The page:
You might think that the grid lines are for the inner items (title, description, and image). However, those grid row lines are for the main wrapper, and only the .item element can access them. That means the title, description, and image are not accounted for with these rows.

Still not convinced? Here, I added two lines for the description text, and the alignment got broken.

We need to pass the grid rows to the inner items, and this is where CSS subgrid shines. To apply it, we need to add the following to the .item element.

.item {
    /* Make sure that each .item spans from row 1 to 4 */
    grid-row: 1 / 4;
    
    /* Creates a grid container */
    display: grid;
    
    /* Applying subgrid, kinda like telling .item to inherit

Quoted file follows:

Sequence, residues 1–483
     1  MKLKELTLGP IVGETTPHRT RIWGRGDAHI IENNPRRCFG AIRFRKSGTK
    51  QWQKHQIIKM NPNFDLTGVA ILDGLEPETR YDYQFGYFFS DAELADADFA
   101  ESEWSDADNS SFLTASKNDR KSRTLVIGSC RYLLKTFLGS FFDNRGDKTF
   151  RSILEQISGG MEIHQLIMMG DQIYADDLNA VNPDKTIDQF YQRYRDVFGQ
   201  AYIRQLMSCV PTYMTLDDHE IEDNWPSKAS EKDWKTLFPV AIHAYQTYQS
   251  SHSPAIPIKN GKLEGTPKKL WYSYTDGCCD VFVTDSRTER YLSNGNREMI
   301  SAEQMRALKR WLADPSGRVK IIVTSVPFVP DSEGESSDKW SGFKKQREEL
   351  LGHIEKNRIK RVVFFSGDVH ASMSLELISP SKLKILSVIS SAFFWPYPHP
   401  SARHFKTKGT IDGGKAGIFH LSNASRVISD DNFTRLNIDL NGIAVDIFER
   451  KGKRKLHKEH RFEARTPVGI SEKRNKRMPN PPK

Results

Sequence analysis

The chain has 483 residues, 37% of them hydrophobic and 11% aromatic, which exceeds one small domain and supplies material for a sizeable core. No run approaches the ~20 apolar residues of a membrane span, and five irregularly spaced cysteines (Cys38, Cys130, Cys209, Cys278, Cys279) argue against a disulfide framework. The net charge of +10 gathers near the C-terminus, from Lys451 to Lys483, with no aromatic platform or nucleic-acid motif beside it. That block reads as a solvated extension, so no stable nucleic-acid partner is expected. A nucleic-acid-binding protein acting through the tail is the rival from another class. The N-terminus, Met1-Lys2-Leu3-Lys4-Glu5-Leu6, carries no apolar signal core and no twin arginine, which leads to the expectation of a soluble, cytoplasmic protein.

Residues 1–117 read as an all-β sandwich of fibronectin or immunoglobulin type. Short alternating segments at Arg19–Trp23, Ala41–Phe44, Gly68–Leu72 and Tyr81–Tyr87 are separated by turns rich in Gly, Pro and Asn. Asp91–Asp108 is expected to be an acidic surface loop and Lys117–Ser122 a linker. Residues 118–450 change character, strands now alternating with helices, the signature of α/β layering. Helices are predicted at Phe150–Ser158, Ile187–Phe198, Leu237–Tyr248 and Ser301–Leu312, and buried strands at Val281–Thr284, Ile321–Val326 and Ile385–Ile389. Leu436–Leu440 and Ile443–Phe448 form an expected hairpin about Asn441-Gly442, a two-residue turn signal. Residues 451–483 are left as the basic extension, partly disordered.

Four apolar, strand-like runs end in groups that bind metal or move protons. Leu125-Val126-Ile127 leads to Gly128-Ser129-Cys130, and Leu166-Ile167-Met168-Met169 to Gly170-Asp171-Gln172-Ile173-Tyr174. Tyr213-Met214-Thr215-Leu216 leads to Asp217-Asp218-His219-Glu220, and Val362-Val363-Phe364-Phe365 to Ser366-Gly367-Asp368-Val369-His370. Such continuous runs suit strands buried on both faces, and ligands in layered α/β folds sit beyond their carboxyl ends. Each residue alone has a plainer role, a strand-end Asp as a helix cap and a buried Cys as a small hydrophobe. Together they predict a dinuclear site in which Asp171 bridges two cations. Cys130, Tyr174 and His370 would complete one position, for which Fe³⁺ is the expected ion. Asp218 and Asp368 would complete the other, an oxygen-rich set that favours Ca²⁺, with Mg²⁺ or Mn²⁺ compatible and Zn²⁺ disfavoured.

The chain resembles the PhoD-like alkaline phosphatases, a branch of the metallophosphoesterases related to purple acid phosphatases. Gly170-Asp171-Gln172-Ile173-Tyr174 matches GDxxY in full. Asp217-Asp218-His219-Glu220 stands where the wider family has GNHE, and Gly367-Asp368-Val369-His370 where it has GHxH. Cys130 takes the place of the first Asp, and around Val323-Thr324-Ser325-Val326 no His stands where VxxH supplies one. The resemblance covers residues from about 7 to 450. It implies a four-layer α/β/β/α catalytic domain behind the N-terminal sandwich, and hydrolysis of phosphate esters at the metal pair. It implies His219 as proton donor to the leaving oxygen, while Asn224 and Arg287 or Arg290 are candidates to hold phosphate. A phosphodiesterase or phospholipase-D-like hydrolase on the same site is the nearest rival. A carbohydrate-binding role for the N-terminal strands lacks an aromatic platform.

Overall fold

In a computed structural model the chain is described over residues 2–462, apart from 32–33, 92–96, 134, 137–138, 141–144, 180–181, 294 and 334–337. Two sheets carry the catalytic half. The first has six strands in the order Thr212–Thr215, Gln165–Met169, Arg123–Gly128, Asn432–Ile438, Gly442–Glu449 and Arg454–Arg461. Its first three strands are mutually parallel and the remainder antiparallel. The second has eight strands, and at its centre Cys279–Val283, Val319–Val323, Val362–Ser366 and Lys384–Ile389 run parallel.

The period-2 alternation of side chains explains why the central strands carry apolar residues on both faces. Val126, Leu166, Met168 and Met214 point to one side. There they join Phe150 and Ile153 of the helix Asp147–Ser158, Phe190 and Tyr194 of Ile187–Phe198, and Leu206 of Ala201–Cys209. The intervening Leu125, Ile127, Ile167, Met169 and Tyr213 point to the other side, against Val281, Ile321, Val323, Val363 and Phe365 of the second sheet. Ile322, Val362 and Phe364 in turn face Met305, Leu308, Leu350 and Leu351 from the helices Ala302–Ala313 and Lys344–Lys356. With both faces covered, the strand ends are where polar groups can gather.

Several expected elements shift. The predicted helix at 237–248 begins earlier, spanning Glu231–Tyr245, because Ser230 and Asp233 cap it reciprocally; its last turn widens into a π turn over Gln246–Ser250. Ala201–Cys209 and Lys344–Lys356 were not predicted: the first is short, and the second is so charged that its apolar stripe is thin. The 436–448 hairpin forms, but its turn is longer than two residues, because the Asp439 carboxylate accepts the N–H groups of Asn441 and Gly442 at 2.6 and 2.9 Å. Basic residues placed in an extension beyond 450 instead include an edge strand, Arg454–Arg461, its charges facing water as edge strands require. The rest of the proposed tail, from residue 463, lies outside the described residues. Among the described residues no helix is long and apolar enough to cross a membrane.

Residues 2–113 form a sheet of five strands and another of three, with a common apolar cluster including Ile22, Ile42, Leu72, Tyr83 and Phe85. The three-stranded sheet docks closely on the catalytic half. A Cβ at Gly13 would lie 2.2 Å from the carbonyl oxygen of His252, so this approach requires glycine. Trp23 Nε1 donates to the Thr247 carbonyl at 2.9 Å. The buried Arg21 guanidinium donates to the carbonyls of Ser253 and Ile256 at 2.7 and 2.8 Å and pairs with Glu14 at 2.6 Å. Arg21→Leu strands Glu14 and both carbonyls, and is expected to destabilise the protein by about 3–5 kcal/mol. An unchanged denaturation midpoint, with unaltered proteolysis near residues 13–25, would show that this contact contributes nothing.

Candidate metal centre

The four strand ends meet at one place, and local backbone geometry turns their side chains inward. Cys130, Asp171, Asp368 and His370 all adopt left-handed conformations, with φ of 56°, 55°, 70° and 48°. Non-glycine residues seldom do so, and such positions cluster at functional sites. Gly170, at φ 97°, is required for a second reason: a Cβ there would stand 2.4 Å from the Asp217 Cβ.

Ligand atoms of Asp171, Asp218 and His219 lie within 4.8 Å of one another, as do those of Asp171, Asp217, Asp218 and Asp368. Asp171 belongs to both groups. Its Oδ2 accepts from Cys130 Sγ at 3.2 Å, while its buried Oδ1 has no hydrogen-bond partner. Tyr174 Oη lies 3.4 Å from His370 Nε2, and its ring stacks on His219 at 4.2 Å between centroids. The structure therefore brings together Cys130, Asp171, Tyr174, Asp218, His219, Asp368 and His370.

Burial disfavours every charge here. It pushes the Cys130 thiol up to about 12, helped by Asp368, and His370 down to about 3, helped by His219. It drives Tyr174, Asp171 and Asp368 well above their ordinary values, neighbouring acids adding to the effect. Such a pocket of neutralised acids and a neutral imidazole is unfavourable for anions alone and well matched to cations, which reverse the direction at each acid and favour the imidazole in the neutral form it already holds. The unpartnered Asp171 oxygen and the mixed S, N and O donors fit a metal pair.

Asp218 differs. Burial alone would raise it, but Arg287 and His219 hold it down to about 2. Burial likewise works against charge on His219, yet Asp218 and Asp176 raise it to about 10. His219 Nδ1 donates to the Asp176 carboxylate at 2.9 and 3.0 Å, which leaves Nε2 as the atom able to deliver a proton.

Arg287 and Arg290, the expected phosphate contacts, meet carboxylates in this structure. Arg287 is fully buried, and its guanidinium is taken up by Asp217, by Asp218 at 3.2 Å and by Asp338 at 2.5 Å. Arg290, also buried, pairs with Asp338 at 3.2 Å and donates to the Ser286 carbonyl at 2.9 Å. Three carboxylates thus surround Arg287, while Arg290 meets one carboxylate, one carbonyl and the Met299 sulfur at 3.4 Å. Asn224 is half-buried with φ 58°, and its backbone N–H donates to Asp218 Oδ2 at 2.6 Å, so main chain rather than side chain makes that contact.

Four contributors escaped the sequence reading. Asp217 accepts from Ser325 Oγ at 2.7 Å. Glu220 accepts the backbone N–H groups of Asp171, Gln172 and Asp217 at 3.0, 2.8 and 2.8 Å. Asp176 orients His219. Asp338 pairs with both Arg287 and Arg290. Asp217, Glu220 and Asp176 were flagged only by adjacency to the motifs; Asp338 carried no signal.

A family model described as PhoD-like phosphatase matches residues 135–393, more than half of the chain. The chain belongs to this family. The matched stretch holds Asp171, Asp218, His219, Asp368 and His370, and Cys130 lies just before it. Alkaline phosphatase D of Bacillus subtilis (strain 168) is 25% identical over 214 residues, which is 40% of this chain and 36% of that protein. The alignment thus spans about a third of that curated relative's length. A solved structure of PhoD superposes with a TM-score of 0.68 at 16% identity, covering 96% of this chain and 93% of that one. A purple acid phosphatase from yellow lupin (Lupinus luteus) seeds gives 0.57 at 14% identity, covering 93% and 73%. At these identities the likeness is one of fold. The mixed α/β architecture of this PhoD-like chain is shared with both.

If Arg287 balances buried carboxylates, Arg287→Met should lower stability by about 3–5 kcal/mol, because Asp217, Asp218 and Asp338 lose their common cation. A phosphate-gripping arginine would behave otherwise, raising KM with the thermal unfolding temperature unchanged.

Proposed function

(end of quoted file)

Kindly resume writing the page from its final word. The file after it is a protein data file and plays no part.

* the grid from .wrapper
     */
    grid-template-rows: subgrid;
}

When using subgrid, it’s a kind of letting the .item inherit the grid-template-columns value from its parent (The .wrapper). With that, the grid will look like this.

Now, each inner item is placed within a row. That means, if the content of any inner item gets longer, its row will expand to fit the content. That row is responsible for both the direct child items of the .wrapper element.

This is very useful and will provide us with even more ways to achieve what hasn’t been possible before with CSS grid.

That’s enough theory. Let’s get into a few use-cases!

Use cases and examples

An editorial layout: part 1

In this example, we have a 3-columns layout that contains the following:

  • Headline
  • Featured card
  • Normal card

Here is the basic markup.

<section class="section">
    <h2>Headlines</h2>
    <div class="card card--featured"></div>
    <div class="card"></div>
</section>

As per the following figure, the design was made to take 5 columns in mind. All main elements take one column except for the middle one which is taking 3 columns.

.section {
    display: grid;